We frequently are asked out in the field to help customers understand how tags should be used. Many organizations are worried that tags, being inherently unstructured, will cause confusion. As a result, we’ve come up with a structured way of thinking of and applying tags across your subscription. You can use Azure Resource Manager Policy to enforce this tagging philosophy.

What is a tag?

Tags provide a way to logically organize resources with properties that you define.  Tags can be applied to resource groups or resources directly. Tags can then be used to select resources or resource groups from the console, web portal, PowerShell, or the API. Tags are also particularly useful when you need to organize resource for billing or management.

Key Info

  • You can only apply tags to resources that support Resource Manager operations
    • VMs, Virtual Networks and Storage created through the classic deployment model must be re-deployed through Resource Manager to support tagging
      • A good way around this is to tage the resource group they belong too instead.
    • All ARM resources support tagging
  • Each resource or resource group can have a maximum of 15 tags.
  • Tags are key/value pairs, name is limited to 512 characters, value is limited to 256 characters
  • Tags are free-form text so consistent correct spelling is very important
  • Tags defined on Resource Groups exist only on the group object and do not flow down to the resources under them
    • Through the relationship you can easily find resource by filtering by tagged resource group
    • We recommend keeping the tags to the resource group unless they are resource specific.
  • Each tag is automatically added to the subscription-wide taxonomy
    • Application or resource specific tags will "pollute" the tag list for the entire subscription.

Best Practices

We think its important for a customer to leverage at least some of the tags in a structured way. Given the limit on number of tags we recommend tagging at the group level. We don't feel there is currently a need to set them on the resources as you can easily trace down from the Resource Group.

Primarily we recommend a Service/Application/Environment hierarchy along with an environment type, and a billing identifier be reflected in the tags. To do this we recommend spending the time to define an Application hierarchy that spans everything in your subscription. This hierarchy is a key component to both management and billing and allows you to organize the resource groups logically. Its also important that this hierarchy contain additional metadata about the application, like its importance to the organization and the contact in case there is some issue. By storing this outside the tag, say in a traditional CMDB structure, you cut down on the number of tags you need to use and the complexity of tag enforcement, and reduce the risk of tag drift.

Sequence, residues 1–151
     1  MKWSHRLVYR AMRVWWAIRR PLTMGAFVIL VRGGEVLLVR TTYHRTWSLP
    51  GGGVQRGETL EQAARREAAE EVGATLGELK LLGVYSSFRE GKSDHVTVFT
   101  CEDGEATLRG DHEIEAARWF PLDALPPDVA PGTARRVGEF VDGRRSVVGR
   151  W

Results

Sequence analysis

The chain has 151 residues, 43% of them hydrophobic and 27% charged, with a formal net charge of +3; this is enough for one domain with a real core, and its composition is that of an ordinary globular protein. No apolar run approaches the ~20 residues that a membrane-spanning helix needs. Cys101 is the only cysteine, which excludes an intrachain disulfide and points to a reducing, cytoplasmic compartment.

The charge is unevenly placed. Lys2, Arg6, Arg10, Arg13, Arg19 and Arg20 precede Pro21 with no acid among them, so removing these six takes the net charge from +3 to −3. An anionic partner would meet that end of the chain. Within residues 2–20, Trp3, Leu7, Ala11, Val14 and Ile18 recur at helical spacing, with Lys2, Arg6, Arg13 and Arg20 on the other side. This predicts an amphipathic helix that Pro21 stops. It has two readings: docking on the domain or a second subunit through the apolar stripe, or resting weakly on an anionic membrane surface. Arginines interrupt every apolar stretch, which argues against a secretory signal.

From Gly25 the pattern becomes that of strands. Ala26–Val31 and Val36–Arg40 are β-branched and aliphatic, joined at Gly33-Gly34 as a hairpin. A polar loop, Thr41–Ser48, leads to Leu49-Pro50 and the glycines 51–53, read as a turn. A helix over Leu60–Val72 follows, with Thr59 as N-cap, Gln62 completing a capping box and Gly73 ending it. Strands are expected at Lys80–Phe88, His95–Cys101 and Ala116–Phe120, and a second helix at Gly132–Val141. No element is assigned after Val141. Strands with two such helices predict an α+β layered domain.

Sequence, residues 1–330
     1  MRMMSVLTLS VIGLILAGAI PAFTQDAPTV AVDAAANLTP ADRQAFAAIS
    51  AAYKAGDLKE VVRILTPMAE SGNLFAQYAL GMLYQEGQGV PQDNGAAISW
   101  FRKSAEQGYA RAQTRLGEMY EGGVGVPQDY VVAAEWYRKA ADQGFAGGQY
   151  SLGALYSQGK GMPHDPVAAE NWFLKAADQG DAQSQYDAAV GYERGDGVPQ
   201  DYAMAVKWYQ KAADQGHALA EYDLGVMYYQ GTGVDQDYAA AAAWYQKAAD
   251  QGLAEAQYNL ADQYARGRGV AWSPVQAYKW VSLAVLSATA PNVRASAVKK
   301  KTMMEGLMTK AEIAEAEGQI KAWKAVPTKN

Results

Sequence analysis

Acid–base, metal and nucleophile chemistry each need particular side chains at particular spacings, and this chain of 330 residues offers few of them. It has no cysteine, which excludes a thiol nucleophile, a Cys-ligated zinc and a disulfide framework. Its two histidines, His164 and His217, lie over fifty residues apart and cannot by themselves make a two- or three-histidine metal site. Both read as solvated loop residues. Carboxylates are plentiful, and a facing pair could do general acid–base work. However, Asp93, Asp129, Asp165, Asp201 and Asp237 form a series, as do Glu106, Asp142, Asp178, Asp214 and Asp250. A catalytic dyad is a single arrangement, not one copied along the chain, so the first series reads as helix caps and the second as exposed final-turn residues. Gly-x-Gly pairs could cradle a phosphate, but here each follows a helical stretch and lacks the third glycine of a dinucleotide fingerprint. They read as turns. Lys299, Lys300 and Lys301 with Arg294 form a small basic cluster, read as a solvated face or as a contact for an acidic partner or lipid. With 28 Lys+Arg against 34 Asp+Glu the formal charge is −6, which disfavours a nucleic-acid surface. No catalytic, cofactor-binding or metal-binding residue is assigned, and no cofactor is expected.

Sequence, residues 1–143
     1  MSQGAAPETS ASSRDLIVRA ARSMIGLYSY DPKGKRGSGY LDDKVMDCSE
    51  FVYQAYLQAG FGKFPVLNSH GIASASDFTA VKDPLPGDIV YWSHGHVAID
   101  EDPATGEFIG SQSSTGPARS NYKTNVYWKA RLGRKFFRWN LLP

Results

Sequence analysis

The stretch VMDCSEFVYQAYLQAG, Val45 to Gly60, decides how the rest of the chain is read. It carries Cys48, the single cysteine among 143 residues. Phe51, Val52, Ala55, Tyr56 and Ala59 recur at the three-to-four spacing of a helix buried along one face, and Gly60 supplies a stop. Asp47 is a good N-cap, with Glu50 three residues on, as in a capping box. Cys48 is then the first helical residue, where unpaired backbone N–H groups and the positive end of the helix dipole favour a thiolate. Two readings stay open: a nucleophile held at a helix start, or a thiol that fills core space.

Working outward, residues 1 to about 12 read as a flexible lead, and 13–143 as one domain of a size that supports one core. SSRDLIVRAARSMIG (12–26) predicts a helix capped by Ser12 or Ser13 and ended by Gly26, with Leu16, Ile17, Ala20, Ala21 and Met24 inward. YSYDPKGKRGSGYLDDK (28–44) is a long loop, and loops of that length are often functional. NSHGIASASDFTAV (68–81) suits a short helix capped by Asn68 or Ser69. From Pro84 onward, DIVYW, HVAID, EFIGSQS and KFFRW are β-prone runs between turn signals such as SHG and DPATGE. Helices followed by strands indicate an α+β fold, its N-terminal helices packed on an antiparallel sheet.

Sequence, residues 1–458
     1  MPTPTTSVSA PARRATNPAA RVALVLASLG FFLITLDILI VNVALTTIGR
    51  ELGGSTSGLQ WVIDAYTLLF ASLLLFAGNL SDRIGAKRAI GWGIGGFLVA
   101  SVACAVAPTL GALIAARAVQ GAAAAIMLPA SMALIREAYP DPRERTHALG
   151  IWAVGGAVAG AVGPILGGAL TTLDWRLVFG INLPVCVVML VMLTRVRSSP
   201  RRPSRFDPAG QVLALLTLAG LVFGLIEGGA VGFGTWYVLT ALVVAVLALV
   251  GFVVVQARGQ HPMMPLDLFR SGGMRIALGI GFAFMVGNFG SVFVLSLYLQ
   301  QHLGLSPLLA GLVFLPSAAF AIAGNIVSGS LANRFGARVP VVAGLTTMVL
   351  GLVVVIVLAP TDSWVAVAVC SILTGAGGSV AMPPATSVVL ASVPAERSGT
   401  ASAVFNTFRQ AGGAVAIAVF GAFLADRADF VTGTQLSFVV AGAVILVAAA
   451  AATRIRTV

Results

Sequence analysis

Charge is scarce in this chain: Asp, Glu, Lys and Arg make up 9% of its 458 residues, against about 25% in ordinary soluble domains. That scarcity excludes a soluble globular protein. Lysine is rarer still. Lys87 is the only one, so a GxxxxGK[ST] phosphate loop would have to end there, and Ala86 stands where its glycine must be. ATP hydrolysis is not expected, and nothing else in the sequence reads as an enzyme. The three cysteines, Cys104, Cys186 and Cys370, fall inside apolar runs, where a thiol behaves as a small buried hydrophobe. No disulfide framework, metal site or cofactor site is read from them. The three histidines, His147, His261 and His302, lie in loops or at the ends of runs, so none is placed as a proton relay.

Once a taxonomy is agreed on, create the tags for Service/Application and Environment and set them on each Resource Group. Then set a tag for Environment Type to Dev, Test, Production to allow you to target all Dev, all test, or all production later in policy and thru automation.

For the billing identifier, we recommend some type of internal charge code or order number that corresponds to a General Ledger (GL) line item to bill that resource group's usage to.  Just these few tags would enable you to determine billing usage for VMs running in production for the finance department.

There are several ways to retrieve billing information and the corresponding tags. More information can be found here:

Recommended Tags

To be prescriptive, we recommend these tags be set on each resource group:


Tag Name
Tag Value
AppTaxonomy Required Provides information on who owns the resource group and what purpose it serves within their application Org\App\Environment



MaintenanceWindow Optional Provides a window during which patch and other impacting maintenance can be performed Window in UTC "day:hour:minute-day:hour:minute" Tue:04:00-Tue:04:30
EnvironmentType Required Provides information on what the resource group is used for (useful for maintenance, policy enforcement, chargeback, etc.) Dev, Test, UAT, Prod Test
BillingIdentifier Required Provides a charge code or cost center to attribute the bill for the resources too Costcenter 34821
ExpirationDate Optional Provides a date when the environment is expected to be removed by so that reporting can be done to confirm if an environment is still needed Expiration Date in UTC 2016-06-15T00:0


Over time we’ll have additional posts, scripts and other items that will build on this tagging structure.

New! You may find this post with a PowerShell script useful for reporting on resource group tags